“OPEC and OPEC nations are, as usual, ripping off the rest of the world, and I don’t like it. Nobody should like it,” he said, and shortly afterwards he underlined at a rally in Southaven, Mississippi, in October 2018:
“I said, ‘King we’re protecting you. You might not be there for two weeks without us.’”
Finally, on 2 April, after the Saudis had further destroyed the finances of its fellow OPEC members, Trump telephoned Saudi Arabia’s de facto ruler, Crown Prince Mohammed bin Salman, and directly told him that unless OPEC started cutting oil production he would be powerless to stop lawmakers from passing legislation to withdraw U.S. troops from the Kingdom.
Worse, though, is on the horizon for Saudi Arabia and OPEC. The U.S. has been so enraged by the Saudis trying to destroy its geopolitically and economically crucial shale oil sector yet again that any further moves by Saudi and OPEC to either push prices up over the US$80 per barrel of Brent level (regarded as economically harmful to the U.S.) or to below US$40 per barrel of Brent (seen as damaging for the U.S. shale oil sector) is highly likely to result in the passing of the ‘No Oil Producing and Exporting Cartels Bill’ (NOPEC). A version of the NOPEC bill managed to pass both houses of Congress in 2007 before it was shelved after President George W. Bush said he would veto the legislation. However, in February 2019, the U.S. House Judiciary Committee passed the NOPEC Act, which cleared the way for a vote on the Bill before the full House of Representatives. On the same day, Democrats Patrick Leahy and Amy Klobuchar and – most remarkably – two Republicans, Chuck Grassley and Mike Lee, introduced the NOPEC Bill to the Senate. It was only the intervention of Trump at that time that stopped the Bill being voted into law.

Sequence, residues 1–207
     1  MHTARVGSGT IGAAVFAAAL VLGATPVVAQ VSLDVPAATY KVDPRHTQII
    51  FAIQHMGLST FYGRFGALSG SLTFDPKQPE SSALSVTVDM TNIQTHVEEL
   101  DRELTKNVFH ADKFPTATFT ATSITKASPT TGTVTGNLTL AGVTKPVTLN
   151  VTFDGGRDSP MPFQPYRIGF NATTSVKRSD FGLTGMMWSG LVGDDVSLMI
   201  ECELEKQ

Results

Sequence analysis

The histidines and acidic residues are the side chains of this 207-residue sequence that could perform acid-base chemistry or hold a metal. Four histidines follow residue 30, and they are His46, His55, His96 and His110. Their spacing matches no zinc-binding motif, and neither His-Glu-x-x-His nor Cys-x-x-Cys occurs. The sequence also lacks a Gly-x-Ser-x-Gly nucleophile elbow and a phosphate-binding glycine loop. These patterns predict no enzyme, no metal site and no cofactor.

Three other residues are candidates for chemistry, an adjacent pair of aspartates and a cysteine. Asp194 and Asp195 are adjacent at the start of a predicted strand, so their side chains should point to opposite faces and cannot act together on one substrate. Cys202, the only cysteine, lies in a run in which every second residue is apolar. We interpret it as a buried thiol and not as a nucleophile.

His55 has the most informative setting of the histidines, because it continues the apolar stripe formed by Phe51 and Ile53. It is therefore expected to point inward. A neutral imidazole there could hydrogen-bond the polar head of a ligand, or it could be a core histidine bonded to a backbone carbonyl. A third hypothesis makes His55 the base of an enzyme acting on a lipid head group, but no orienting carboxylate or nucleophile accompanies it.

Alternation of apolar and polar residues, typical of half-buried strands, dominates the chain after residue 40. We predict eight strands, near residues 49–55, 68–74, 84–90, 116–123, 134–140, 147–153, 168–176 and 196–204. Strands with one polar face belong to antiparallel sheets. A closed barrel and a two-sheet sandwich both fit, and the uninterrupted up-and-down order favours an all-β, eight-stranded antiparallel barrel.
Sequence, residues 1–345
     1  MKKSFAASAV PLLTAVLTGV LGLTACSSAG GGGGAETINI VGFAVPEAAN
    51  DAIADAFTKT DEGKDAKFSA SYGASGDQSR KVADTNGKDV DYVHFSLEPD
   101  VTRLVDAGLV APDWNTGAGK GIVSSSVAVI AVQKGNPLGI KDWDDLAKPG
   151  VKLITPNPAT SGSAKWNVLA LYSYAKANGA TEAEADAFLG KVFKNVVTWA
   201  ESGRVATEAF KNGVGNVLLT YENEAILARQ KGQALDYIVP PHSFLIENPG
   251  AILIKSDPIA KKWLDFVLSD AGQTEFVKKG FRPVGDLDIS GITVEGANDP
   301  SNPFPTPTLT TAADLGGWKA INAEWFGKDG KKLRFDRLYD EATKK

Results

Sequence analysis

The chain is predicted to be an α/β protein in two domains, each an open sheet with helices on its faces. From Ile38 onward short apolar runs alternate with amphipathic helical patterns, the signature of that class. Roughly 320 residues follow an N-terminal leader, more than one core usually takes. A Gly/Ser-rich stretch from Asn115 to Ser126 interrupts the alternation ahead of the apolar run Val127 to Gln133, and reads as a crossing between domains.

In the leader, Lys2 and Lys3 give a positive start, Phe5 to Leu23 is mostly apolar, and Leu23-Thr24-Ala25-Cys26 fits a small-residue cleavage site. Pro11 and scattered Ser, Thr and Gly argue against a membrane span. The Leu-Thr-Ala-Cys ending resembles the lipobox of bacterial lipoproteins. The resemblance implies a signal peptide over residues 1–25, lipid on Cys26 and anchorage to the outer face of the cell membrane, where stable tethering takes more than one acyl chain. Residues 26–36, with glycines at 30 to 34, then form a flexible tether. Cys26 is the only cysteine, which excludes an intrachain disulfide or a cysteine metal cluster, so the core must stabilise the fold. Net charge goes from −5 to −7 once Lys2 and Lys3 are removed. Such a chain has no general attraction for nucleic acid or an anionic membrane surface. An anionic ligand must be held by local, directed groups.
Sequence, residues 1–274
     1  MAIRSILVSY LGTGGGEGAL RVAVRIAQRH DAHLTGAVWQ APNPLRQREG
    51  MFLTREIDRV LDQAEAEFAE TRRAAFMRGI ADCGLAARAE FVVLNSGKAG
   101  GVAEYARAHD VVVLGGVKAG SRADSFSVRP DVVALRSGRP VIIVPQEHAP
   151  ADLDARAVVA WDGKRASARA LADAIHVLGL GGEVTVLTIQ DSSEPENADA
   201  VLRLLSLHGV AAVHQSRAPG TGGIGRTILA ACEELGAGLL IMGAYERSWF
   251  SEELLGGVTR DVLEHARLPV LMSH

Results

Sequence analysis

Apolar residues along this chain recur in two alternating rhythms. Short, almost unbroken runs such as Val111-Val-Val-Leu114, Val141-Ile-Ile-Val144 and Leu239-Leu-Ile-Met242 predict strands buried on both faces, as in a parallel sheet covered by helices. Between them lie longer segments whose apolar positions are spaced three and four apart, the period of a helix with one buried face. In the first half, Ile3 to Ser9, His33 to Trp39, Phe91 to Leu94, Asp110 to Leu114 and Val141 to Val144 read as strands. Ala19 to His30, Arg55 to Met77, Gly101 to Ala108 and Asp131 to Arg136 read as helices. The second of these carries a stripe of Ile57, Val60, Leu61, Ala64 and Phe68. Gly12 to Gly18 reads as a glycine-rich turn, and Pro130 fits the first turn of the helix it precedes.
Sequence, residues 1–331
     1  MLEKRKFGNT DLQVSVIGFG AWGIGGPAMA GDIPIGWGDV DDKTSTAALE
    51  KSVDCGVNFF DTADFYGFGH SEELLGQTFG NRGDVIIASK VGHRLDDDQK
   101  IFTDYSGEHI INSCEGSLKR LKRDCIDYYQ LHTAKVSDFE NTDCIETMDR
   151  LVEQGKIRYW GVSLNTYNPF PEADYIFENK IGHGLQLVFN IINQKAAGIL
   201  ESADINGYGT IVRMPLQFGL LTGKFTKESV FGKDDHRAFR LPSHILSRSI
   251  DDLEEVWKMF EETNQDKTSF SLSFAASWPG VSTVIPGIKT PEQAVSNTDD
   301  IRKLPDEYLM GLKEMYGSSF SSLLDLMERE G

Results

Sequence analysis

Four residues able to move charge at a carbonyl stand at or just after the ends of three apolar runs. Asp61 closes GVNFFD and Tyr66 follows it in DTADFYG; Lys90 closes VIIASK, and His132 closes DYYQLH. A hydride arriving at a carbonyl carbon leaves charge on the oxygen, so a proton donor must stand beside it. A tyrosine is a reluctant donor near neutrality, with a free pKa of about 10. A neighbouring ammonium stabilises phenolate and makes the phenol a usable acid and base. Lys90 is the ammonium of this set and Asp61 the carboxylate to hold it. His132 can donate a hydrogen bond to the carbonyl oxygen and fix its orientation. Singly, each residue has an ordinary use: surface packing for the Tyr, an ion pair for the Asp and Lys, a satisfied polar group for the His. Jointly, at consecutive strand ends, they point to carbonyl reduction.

This Bill makes it illegal to artificially cap oil (and gas) production or to set prices, which is a corollary function of OPEC, and it removes the sovereign immunity that presently exists in U.S. courts for OPEC as a group and for its individual member states. This would leave Saudi Arabia open to being sued under existing U.S. anti-trust legislation, with its total liability being its estimated US$1 trillion of investments in the U.S. alone, and to all other OPEC member facing the same legal action. It would also mean the end of OPEC in any meaningful form.